York Street gardens will close at 3 p.m. on Thursday, June 1 for a concert.
Allium karataviense var. henrikii
All that snow! and the temps have not seemed to drop too much below freezing. My pond at home hasn't had even a skim of ice, and the tender green leaves around town look pretty good. I think we dodged the bullet. The snow paints some lovely pictures around our gardens--like this rare onion from Central Asia in my home garden (you can see the same at Denver Botanic Gardens in the Rock Alpine Garden--shown blooming below in a drift of veronica).
Allium karataviense var. henrikii in the Rock Alpine Garden
This is at the foot of the entrance crevice garden at the Rock Alpine Garden, which is truly amazing right now. I am dazzled at how well plants like to grow in this sort of garden. This one was created by Mike Kintgen, who oversees this and many other gardens at the Gardens, and Adam Burch, who was a seasonal employee at the Gardens. There are now four such crevice gardens at the Gardens--each more amazing than the next.
Crevice garden at entrance of the Rock Alpine Garden
Here is the first of these remarkable gardens--filled with literally dozens of treasures. You could spend a long time examining and studying the plants contained herein. Come back in a week--there will be a whole new suite of sweeties!
Here is one such typical gem--crowning the second large crevice garden in the center of the Rock Alpine Garden. It's hard to believe this beautiful cushion plant is related to the henbit (Lamium amplexicaule) which is such a pestiferous weed in local gardens! This treasure, alas, doesn't even seem to set seed...probably because there is only a single clone.
Now that the snow has melted, there will be fabulous displays of color throughout the Gardens, but the lower meadow of the Rock Alpine Garden full of bright blue camas (Camassia leichtlinii) is one of my favorite spectacles. It should be blazing the rest of the month. If you squint, you can catch a glimpse of the second crevice garden in the middle distance.
Not all the treasures are growing in crevices. This amazing bush clematis is in that lower meadow (albeit at the east end, where it rises into the rock outcropping). Although the ghostly flowers are not terribly colorful, the elegance of form and the siting of this couldn't be more stunning. This rare clematis comes from a very few shale barrens in Appalachia--and yet look how it's taken to cultivation! I am amazed each year to see what intriguing and interesting new plants are added to our collections--most find their debut somewhere in this corner of the Gardens. Rock Gardens are famous for being testing grounds of plants since their many intricate corners and microclimates allow for greater experimentation.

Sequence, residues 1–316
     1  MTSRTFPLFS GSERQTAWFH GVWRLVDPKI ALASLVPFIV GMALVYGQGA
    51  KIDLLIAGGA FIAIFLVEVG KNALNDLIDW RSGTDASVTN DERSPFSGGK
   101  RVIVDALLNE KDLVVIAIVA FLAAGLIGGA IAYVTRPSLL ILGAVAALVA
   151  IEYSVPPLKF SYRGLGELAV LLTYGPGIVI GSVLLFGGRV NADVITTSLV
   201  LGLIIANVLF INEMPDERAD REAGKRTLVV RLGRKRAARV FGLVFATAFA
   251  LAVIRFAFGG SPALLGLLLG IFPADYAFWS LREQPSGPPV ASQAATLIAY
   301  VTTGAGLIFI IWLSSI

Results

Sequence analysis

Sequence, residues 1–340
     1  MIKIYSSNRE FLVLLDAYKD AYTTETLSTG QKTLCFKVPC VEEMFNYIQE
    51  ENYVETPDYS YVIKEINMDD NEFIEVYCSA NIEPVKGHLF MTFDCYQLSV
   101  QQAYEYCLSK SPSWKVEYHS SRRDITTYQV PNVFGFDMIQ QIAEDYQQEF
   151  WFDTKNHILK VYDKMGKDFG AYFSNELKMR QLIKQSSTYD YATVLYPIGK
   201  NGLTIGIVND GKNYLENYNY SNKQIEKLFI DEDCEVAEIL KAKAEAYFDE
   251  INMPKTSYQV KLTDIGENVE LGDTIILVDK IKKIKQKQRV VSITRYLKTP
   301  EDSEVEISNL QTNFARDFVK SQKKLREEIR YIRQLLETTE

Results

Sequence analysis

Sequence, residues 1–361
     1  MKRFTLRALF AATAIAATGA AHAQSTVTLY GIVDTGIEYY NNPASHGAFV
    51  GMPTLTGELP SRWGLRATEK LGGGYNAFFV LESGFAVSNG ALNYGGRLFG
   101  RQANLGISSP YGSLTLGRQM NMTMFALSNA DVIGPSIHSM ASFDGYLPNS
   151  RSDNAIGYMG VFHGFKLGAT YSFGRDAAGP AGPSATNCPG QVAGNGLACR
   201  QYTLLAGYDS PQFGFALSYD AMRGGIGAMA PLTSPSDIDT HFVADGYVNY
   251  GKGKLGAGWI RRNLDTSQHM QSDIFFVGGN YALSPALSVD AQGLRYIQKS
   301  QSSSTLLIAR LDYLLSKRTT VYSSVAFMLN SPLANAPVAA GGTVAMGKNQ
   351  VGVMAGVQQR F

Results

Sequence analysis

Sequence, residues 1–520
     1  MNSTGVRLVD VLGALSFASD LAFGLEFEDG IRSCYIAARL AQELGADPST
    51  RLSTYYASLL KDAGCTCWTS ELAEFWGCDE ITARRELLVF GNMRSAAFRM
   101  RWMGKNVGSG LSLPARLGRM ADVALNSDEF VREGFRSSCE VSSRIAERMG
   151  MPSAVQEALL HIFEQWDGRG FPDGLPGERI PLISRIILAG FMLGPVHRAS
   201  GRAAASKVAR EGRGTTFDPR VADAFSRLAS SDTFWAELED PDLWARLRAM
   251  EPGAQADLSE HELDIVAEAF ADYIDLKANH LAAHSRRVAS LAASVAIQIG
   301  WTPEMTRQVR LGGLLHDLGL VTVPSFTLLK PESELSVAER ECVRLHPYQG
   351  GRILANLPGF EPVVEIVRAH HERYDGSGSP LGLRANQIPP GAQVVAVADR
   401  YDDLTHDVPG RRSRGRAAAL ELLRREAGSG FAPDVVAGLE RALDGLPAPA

I am amused to see how rock gardens have managed to crop up all over the Gardens over the decades. This is surely one of the most stunning: the Conservation Garden occupies the north end of the berm that includes the Dwarf Conifer Collection, and consists of an authentic crevice garden designed by Herb Schaal (once Master Planner of the Gardens and the designer of the Rock Alpine Garden. Herb emplyed Niobrara shale to create the naturalistic look of this garden, many of the rare plants contained herein grow naturally on that shale in nature, such as the bright yellow masses of Physaria bellii that grows wild on this same shale only in the outer foothills from Denver to Wyoming. It paints a picture right now!
Mordecai Children's Garden
If I had to pick the most spectacular spot at Denver Botanic Gardens in the next month it might have to be the Childrens' Garden, where many visitors never visit (thinking there's a height limit, perhaps?). If you have not visited this masterpiece of garden art (it's adjacent to the parking structure for heaven's sake) you've missed some of the best displays at the Gardens! Do not pass Go, do not collect $200 or even THINK about playing Monopoly until you've scampered on down to our wonderful Childrens' Garden. The masses of wildflowers blooming here in the next two months must be seen to be believed.
I have been amazed to see how well our native plants, especially alpines, thrive in the Green Roof medium. Dozens of rare plants grow lustily here, and self sow, where we have had a hard time growing them elsewhere in the past. The staff and volunteers who tend this garden have done an inspiring job: there's nary a weed to be seen. I never dreamed when the Children's Garden was first planned that it would become such a fantastic venue for growing challenging plants. These are the sort of surprises that have made working at Denver Botanic Gardens a great adventure and a perennial delight.
I hope to see you down here frequently in the coming months--our high season! They call our late winter snows "white fertilizer"--you will see why the next time you visit!